ERIC Number: ED227474
Record Type: RIE
Publication Date: 1983-Mar
Reference Count: 0
D'Nealian Manuscript--An Aid to Reading Development.
Thurber, Donald N.
A new method of continuous stroke manuscript print called D'Nealian Manuscript is challenging the traditional circle-stick method of teaching children how to write. The circle-stick uses component or splinter parts to form whole letters. Children are forced to form all writing with verticle lines and to learn a manuscript print that goes nowhere. Moreover, large pencils are usually recommended and the letters are presented in unnecessarily large print. The D'Nealian method, on the other hand, presents letter forms similar to standard print, has carryover skills to cursive writing, and eliminates many of the errors of circle-stick writing. All letters are made with a continuous stroke except to dot the "i" and "j" and cross the "f" and "t." Children also begin to write on near standard-sized paper. They use a pencil size that feels comfortable to their grip and may write letters with a back, vertical, or typical right-hand slant. Letters are presented in groups of similar construction, and as a letter is introduced it is immediately used in a word. Basic vocabulary is thus enhanced, along with left-to-right eye movement and directionality. Because children can write words more easily and sooner with D'Nealian, it is an important aid to reading development. (HOD)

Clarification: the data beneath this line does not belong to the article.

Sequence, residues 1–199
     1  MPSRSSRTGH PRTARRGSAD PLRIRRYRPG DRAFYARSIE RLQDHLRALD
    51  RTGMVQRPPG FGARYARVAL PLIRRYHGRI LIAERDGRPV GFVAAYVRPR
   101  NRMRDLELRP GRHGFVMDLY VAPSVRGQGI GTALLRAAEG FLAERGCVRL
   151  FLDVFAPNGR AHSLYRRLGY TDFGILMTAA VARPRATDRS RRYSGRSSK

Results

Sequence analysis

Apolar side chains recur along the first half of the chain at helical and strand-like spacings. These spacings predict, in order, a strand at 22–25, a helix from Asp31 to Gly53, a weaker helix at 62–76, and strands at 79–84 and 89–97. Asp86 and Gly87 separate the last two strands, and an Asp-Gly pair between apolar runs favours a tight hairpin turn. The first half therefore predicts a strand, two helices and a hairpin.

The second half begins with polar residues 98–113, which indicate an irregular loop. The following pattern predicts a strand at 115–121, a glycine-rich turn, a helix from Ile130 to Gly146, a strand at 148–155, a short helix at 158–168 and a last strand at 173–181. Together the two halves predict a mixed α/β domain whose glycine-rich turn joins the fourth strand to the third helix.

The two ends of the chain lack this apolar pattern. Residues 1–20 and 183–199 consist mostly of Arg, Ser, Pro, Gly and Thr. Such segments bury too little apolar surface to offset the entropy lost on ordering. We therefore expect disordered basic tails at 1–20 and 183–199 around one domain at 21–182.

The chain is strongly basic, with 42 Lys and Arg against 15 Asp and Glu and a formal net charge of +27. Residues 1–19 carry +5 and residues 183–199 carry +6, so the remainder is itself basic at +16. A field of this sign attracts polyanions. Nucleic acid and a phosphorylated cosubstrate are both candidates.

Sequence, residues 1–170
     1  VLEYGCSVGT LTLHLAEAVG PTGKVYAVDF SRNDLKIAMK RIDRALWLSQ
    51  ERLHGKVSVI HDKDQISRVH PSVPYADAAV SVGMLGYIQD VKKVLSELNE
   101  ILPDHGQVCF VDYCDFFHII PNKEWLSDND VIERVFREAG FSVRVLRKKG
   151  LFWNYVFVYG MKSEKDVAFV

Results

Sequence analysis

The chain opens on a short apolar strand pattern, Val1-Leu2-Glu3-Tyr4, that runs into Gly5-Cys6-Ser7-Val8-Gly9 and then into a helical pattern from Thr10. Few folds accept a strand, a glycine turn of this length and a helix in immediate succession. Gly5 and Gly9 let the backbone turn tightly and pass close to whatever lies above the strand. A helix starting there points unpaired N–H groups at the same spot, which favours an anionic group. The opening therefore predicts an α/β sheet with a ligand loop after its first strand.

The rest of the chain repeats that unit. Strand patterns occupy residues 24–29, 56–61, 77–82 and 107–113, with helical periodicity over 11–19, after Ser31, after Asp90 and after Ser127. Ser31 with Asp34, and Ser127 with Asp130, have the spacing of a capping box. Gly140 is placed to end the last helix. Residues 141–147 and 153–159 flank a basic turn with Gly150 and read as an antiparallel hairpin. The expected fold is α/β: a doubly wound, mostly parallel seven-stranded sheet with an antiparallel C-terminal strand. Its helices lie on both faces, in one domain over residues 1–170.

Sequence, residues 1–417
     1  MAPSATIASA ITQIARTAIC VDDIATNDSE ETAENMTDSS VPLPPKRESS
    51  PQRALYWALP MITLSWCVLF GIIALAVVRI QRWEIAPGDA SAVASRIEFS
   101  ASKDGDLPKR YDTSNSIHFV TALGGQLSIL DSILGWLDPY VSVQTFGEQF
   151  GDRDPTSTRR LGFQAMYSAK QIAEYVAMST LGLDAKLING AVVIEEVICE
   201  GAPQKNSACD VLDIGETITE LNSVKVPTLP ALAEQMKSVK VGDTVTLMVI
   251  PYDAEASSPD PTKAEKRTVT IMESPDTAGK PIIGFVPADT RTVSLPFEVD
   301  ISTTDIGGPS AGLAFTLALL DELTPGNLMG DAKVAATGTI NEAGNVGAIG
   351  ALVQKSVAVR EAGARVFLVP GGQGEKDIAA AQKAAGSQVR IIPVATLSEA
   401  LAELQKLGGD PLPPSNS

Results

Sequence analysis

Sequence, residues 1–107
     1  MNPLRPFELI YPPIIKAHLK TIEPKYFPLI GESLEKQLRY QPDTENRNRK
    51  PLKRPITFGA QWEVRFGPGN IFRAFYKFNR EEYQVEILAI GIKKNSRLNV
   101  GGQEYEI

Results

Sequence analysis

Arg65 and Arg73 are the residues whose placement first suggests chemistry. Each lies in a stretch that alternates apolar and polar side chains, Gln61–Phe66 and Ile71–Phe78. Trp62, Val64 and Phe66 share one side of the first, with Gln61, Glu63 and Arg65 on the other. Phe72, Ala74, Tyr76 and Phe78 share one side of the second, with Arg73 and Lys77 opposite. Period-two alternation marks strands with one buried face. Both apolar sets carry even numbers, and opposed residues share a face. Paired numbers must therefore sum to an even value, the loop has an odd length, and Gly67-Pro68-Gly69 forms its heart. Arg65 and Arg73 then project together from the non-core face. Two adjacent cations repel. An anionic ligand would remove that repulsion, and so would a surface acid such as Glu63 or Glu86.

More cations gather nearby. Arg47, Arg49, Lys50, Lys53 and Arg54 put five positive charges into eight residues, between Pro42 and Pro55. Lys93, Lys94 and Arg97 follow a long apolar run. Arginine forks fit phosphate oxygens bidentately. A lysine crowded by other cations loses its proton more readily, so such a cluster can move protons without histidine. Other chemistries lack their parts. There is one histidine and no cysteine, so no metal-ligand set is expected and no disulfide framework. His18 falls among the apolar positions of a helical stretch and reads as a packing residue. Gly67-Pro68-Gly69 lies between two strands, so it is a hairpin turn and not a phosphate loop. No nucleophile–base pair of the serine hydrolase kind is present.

Publication Type: Guides - Classroom - Teacher; Speeches/Meeting Papers
Education Level: N/A
Authoring Institution: N/A
Identifiers: D Nealian Manuscript
Note: Paper presented at the Annual Meeting of the Michigan Reading Association (27th, Grand Rapids, MI, March 13-15, 1983).